Most viewers most of the time don’t want tragedy. They want classy tosh. Britain excels at providing it because of the lingering hold of le style anglais on the global imagination. Just as oligarchs want a town house in Chelsea and an English public school education for their children, so a slice of the world’s population wants to see murders set among the English upper class. The producers and writers respond with a kind of artistic integrity. The authors of Midsomer Murders in particular do not write to please an international market but take an ironic delight in spreading violence through the obscure corners of genteel rural life — the amateur dramatic club, village fête, civil war re-enactment society, organic cheese maker. Unlike with Downton Abbey, you never watch Midsomer or Lewis or a repeat of Lewis‘s predecessor Inspector Morse and think, “They’ve just put that in to please the Americans,” or “That’s a caricature Englishman only a German could believe.”

These dramas have another virtue you rarely find elsewhere: they are unafraid to show middle-aged love. Most television wants beautiful stars, particularly beautiful  young women stars. The hero can be older and uglier, but his private life is invariably a mess, allowing him to seduce a new woman in every episode. By contrast, Inspector Barnaby in Midsomer Murders is happily married and Lewis has had a rather touching love affair developing between the widowed inspector and a police pathologist. Whereas television usually goes from first meeting to seduction in 30 minutes, here the writers have spread the tentative romance over several series. Death in Paradise follows a similar pattern. It has a comic relationship building between the strait-laced English detective and his beautiful sergeant from the Caribbean.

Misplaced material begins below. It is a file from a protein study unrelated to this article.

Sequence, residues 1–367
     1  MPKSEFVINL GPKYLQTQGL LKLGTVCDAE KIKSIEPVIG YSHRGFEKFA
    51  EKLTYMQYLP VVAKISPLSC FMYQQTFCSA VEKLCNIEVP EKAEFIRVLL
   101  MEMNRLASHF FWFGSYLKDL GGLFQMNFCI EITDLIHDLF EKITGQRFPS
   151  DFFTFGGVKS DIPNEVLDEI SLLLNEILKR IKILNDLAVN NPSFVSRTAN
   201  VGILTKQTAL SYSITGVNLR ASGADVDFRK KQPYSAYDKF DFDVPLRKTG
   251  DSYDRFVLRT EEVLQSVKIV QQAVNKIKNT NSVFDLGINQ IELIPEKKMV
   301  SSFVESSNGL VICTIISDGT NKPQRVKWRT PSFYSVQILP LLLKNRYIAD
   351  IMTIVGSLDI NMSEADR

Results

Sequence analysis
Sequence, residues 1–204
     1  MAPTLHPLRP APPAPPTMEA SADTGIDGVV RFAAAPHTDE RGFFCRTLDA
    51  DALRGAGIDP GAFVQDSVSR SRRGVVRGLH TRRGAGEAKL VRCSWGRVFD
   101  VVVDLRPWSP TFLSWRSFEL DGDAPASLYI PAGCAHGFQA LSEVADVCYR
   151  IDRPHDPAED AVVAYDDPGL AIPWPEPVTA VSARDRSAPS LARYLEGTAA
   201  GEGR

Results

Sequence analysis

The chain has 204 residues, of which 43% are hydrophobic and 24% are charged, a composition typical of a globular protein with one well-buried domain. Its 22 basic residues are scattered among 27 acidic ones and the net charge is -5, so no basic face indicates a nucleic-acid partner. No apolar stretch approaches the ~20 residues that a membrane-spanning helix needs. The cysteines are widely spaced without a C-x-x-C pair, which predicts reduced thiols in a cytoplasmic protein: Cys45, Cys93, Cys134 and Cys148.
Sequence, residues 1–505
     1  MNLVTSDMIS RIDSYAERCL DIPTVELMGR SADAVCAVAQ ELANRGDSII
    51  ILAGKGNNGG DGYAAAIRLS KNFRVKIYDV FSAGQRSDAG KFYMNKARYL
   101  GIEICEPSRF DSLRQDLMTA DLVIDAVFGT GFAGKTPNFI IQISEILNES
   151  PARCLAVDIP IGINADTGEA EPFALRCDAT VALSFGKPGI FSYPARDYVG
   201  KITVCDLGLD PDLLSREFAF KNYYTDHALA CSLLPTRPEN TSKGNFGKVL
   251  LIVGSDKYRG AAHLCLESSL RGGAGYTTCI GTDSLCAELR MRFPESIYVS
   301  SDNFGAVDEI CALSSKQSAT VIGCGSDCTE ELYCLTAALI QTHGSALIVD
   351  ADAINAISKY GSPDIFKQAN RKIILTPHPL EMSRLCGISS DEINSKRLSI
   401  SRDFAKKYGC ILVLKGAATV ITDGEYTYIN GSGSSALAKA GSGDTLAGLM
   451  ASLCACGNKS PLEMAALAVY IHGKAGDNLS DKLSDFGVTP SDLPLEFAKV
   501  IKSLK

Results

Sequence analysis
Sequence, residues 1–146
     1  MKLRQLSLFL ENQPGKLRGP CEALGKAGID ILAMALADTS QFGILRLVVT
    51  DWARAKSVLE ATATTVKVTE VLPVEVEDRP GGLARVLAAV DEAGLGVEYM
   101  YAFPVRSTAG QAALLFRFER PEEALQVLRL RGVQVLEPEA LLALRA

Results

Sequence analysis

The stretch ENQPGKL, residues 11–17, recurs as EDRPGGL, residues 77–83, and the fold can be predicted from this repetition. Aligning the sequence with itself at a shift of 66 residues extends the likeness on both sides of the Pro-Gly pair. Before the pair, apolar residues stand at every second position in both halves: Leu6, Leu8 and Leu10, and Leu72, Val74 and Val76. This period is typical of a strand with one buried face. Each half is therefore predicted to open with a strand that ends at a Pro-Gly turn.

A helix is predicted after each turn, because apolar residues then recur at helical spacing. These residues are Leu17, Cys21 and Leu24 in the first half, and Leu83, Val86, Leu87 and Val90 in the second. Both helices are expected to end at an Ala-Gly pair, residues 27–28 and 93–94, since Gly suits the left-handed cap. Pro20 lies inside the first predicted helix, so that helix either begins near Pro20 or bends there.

The easy thing to say is that British television is just updating Agatha Christie, the most successful mediocre writer there has ever been. They recreate her “Mayhem Parva” to use the crime writer Colin Watson’s happy description of the Christie school of village detective fiction, and over-complicated plots. The result, however, is not quite as benign as Christie would have wanted.